This essay is very much a sequel to the essay for Parshas Noach. Some of the ideas herein have been adapted from the Shiurim of Rav Sitorsky Shlit”a. His website is www.RabbiSitorsky.com
This week’s Parsha begins by telling us about Sarah Imeinu’s death, and it does so in an interesting way. The first verse begins, “VaYihiyu Chayei Sarah” – ‘This was Sarah’s lifetime’; following this introduction there is a record of years, “One hundred years, twenty years, seventy years’”– and then the Passuk repeats itself, “Shnei Chayei Sarah” – The years of Sarah’s life.
The Ba’al HaTurim points out a beautiful nuance in the language of the Passuk. As we said above, the words Shnei Chayei Sarah mean ‘The years of Sarah’s life”, but the word ‘Shnei’ doesn’t just mean ‘years of’, it also means ‘two.’ Says the Ba’al HaTurim the verse can be also be telling us that Sarah had two aspects to her life.
As we know, HaKriya Meoreres Es HaZeman - there is always a connection between the Parsha being read and the time in which we are in. So therefore the concepts that are introduced to us in this Parsha have to be perceived within through the lens of our location in the cycle of the year. Where these two layers of season and scripture overlap we will encounter even more, interesting paradoxes.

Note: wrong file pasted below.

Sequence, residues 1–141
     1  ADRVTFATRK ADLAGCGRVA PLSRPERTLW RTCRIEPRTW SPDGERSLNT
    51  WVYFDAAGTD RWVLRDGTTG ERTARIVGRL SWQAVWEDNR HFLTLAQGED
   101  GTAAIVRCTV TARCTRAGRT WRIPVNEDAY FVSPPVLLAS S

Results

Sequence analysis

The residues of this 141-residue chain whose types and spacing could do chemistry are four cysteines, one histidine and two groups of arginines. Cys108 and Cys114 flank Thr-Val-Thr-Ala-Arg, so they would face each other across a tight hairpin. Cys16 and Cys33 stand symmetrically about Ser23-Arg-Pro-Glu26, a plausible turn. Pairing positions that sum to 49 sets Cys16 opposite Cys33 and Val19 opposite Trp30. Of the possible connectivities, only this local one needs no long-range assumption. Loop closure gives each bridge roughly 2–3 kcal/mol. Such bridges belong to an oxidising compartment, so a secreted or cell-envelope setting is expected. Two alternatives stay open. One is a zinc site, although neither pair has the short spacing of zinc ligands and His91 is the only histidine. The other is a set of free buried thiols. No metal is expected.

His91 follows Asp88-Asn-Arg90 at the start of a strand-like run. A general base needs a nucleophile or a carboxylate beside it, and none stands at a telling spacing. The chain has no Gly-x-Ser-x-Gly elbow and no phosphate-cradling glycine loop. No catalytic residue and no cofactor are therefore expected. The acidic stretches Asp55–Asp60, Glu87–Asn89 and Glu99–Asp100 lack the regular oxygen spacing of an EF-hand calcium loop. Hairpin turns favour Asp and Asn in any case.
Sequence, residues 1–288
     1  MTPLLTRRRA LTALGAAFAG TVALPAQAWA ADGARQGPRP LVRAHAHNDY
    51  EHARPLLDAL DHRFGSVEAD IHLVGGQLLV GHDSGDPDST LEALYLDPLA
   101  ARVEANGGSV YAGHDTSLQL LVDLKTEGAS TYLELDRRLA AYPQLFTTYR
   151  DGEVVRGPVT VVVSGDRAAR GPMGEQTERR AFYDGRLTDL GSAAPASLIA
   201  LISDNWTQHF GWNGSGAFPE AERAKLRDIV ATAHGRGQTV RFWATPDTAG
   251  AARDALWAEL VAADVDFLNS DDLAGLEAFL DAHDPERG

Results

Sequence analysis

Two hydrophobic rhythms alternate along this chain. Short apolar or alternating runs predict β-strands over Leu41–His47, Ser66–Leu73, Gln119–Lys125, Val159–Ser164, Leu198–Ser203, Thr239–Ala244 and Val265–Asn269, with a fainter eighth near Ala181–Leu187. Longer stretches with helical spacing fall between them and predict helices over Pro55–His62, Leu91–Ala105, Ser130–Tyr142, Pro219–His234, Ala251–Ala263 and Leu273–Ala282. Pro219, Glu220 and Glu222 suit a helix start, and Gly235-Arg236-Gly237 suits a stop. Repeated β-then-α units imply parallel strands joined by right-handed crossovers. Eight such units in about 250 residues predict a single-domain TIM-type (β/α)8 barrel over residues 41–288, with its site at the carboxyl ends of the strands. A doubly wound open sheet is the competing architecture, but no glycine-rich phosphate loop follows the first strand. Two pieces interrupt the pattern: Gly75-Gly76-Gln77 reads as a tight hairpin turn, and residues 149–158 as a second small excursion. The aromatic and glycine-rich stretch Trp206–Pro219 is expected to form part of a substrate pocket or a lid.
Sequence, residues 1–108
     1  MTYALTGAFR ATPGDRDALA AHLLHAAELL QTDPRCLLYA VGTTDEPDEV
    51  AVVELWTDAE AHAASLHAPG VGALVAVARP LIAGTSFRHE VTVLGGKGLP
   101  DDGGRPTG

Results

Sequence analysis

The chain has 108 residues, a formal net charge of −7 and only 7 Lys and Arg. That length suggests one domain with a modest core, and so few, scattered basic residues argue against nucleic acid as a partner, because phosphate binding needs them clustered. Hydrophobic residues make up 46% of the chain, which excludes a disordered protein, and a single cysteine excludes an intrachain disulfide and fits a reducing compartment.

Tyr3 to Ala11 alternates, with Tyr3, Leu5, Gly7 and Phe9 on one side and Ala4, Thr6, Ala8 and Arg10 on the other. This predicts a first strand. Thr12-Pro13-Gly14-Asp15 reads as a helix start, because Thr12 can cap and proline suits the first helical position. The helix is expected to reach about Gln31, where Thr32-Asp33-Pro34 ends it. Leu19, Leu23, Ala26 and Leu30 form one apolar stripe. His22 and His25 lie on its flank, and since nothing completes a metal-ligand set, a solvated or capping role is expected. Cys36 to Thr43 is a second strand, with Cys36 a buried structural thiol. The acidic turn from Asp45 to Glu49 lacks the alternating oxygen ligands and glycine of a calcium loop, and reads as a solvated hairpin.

The Parsha begins with the aforementioned theme of duality and carries it through all the way to the end. For example, we see Eliezer go find a wife for Yitzchak, and that story is told… twice. And at the end of the Parsha, Avraham marries a woman named Keturah, who Chazal tell us was really Hagar, in essence making this Avraham’s second marriage to the same woman.
We can begin to connect the season to the themes in the Parsha with short analysis of Avraham Avinu’s purchase of the Ma’aras HaMachpelah, the double-decker cave, which within its graves holds the Zugos, the pairs (Avraham and Sarah, Yitzchak and Rivka etc…).